Readers like you keep news free for everyone.

More than 5,000 readers have already pitched in to keep free access to The Journal.

For the price of one cup of coffee each week you can help keep paywalls away.

Support us today
Not now
Friday 8 December 2023 Dublin: 9°C
Lloyd Morgan via Creative Commons The RCNI provides support and counselling to women, children and men who have suffered sexual abuse.
Rape Crisis

HSE considers cutting all core funding to Rape Crisis Network

The final decision to slash all core funding to the country’s Rape Crisis Network – which would force the current support services offered to victims of rape and sexual abuse to end – has been postponed until August pending a review.

THE HEALTH SERVICE EXECUTIVE has postponed plans to cut all core funding to Ireland’s Rape Crisis Network and substitute the existing database on sexual violence with a paper-based system.

The HSE has said it will delay a decision on whether to cut funding of about €270,000 annually to the Rape Crisis Network Ireland (RCNI) until 1 August 2011.

The cut in core funding would have forced the RCNI to close, reports the Irish Times.

Database on sexual violence

The RCNI uses an internationally-praised web-based data recording system that presents the most systematic, accurate view of sexual violence in Ireland. The information it offers is considered an invaluable tool for support service providers working with victims of child sexual abuse and rape, who need a clear understanding of gender-based violence across the country.

The database, which was set up in 1985 and collates information from all of the country’s 15 rape crisis centres, is also essential in shaping effective government policy towards domestic and sexual violence against women, children and men in Ireland.

The HSE proposed that, in place of the current method of information collection on sexual abuse, data would instead be collected though a paper-based system. That idea was criticised by the Director of Research Design and Methodology at UCD, Dr Maureen Lyons, who said such an unsophisticated approach would make it impossible “to discern service usage patterns and therefore impossible to accurately examine current service delivery or plan for the future”.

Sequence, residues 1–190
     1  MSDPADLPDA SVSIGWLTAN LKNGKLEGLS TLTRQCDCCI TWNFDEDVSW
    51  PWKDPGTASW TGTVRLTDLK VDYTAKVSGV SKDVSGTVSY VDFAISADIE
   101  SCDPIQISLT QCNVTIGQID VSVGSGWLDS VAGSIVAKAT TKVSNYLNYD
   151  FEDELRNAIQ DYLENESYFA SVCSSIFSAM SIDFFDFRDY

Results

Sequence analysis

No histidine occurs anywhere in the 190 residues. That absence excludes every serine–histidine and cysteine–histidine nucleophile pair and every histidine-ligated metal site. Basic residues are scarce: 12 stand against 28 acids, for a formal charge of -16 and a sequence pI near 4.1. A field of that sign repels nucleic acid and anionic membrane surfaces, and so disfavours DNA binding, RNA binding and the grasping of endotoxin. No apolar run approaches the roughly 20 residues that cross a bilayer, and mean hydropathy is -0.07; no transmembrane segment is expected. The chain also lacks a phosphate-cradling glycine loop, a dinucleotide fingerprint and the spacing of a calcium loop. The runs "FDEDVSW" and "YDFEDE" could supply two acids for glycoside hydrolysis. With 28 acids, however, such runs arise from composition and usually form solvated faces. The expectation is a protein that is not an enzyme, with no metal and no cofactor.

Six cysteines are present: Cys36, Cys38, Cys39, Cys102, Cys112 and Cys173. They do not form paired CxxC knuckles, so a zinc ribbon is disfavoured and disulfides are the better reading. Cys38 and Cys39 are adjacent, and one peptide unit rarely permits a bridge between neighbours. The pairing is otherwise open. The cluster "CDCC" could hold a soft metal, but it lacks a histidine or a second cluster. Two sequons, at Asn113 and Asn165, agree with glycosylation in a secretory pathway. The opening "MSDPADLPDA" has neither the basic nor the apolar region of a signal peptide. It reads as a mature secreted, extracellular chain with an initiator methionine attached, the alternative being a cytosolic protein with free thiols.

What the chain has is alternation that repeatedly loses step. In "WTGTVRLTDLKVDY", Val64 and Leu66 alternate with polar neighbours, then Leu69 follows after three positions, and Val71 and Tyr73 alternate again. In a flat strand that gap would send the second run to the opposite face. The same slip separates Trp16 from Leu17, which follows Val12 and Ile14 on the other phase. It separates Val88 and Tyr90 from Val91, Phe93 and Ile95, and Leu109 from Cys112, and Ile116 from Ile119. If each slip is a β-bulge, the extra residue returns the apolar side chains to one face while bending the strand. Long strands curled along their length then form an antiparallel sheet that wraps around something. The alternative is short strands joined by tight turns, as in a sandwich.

Poor data collection

Lyons outlined the extremely serious consequences of poor data collection – concluding that the major outcomes would include persistent violence, increased physical and psychological harm to victims and, potentially, death.

The government, too, has recognised the value of an accurate database on issues related to sexual violence. Last year, the National Strategy on Domestic, Sexual and Gender-based Violence 2010 -2014 stated that: “The first and most fundamental action required (in response to sexual violence) is the development of a systematic approach to data capture and collation”. The report added that “the lack of consistent information about the number of people affected by domestic and sexual violence limits our ability to respond to the problem”.

The HSE had originally planned to cut all core funding at the end of June, however it has been instructed by Minister for Health James Reilly to postpone the decision until August, pending a review.

The RCNI has appealed for those concerned at the prospect of its funding being cut to contact the Minister for Health, their local representatives, and also to ‘like’ the RCNI Facebook page.